Similarly, while insisting that the U.N. inspectors not be subject to time limits, the secretary general observed, "I think it is important that we try to do our work within a reasonable period."
On the matter of sanctions, U.N. officials noted that only the Security Council can decide whether to lift the embargo. It will do so based on whether Iraq has fulfilled its obligations to disarm and to account for Kuwaitis missing from the war, among other things. Annan acknowledged, however, that he and his Iraqi negotiating partners had discussed ways to expedite the lifting of the sanctions during their talks in Baghdad.
"When and how" the U.N. commission will complete its work "I cannot say, but I would hope that the way we have discussed this problem, our determination to improve relations, to enhance the work of UNSCOM and accelerate the process, we will be seeing light at the end of the tunnel," Annan said.
In terms sharply at odds with the U.S. view of the Iraqi president, Annan gave particular credit to Saddam Hussein. "The president was very well-informed and was in full control of the facts. I was grateful to him that we were frank, constructive and at the end were determined to settle this issue diplomatically," he said.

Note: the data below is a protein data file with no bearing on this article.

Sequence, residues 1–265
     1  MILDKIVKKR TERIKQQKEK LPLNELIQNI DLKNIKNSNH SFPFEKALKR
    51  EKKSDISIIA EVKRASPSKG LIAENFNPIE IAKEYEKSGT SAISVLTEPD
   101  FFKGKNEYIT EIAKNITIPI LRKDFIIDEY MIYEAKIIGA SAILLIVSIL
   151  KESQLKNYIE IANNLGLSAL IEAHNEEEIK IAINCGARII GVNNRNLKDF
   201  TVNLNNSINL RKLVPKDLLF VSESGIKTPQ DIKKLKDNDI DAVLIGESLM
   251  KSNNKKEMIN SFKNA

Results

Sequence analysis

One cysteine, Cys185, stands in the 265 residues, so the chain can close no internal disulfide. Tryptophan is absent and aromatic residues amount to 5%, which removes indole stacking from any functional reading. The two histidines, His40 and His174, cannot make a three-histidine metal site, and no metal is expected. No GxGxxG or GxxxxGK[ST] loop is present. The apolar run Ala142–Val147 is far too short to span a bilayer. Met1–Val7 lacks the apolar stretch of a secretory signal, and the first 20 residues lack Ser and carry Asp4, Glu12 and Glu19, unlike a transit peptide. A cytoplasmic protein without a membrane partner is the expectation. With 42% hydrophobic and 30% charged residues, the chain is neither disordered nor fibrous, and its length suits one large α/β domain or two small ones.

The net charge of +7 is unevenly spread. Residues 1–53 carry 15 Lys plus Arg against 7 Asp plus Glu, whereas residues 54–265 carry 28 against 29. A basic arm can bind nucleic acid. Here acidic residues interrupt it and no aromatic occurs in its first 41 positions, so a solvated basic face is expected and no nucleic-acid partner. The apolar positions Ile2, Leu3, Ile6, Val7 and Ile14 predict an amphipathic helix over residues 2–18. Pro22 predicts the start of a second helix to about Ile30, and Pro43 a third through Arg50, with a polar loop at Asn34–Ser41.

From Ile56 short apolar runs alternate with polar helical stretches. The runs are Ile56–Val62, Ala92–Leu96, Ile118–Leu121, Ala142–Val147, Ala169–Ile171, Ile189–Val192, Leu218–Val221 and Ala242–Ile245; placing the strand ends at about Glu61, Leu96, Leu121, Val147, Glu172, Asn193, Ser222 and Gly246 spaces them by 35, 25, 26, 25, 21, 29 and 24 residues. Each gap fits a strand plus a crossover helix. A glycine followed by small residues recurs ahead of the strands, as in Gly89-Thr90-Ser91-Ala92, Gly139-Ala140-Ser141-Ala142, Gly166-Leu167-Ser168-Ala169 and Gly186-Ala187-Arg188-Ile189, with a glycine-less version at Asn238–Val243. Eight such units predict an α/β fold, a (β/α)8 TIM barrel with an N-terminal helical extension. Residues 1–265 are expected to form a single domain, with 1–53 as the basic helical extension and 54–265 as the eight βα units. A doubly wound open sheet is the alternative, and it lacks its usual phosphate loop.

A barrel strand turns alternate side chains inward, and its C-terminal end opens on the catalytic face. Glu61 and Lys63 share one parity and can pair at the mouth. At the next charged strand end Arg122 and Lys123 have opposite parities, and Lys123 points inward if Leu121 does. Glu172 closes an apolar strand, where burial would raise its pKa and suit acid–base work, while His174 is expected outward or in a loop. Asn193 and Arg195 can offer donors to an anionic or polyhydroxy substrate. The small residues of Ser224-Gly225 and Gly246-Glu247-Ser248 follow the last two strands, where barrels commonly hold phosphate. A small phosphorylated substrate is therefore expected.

After lunch with Aziz at Radwaniyah Palace -- one of the eight disputed sites -- Annan and his delegation boarded a plane at Saddam International Airport for a flight to Paris, en route to New York. He is scheduled to brief the Security Council on his mission at 3 p.m. Tuesday.
In the meantime, Annan's presence in Baghdad and his conciliatory words toward the Iraqi leadership appear to have resonated strongly with Iraqis desperate to end their country's diplomatic and economic isolation.
"It's a turning point, not only in Iraq but for the entire world," said Abdel Karim Goumaa, 68, who once held a senior post in the Health Ministry and now earns about $3 a day buying and selling food rations he carries in the back of a battered Datsun pickup.
Asked whether he considered the agreement to be a defeat for the United States, Goumaa replied: "It's not a matter of defeat. We look for peace and stability. . . . We hope the relationship will be good with UNSCOM and even the United States, because we love peace."